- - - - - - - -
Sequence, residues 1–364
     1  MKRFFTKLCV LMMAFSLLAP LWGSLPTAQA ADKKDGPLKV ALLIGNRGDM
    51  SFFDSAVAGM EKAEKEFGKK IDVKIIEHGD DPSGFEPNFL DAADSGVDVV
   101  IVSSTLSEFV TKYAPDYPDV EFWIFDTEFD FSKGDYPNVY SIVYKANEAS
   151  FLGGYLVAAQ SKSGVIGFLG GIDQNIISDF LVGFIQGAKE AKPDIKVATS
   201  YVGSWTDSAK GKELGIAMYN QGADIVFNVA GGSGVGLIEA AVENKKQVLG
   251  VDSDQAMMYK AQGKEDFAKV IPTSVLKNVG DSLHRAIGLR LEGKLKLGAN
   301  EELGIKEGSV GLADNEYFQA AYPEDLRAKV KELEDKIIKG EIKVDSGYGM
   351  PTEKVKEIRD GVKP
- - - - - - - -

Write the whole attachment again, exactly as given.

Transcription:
Sequence, residues 1–364
     1  MKRFFTKLCV LMMAFSLLAP LWGSLPTAQA ADKKDGPLKV ALLIGNRGDM
    51  SFFDSAVAGM EKAEKEFGKK IDVKIIEHGD DPSGFEPNFL DAADSGVDVV
   101  IVSSTLSEFV TKYAPDYPDV EFWIFDTEFD FSKGDYPNVY SIVYKANEAS
   151  FLGGYLVAAQ SKSGVIGFLG GIDQNIISDF LVGFIQGAKE AKPDIKVATS
   201  YVGSWTDSAK GKELGIAMYN QGADIVFNVA GGSGVGLIEA AVENKKQVLG
   251  VDSDQAMMYK AQGKEDFAKV IPTSVLKNVG DSLHRAIGLR LEGKLKLGAN
   301  EELGIKEGSV GLADNEYFQA AYPEDLRAKV KELEDKIIKG EIKVDSGYGM
   351  PTEKVKEIRD GVKP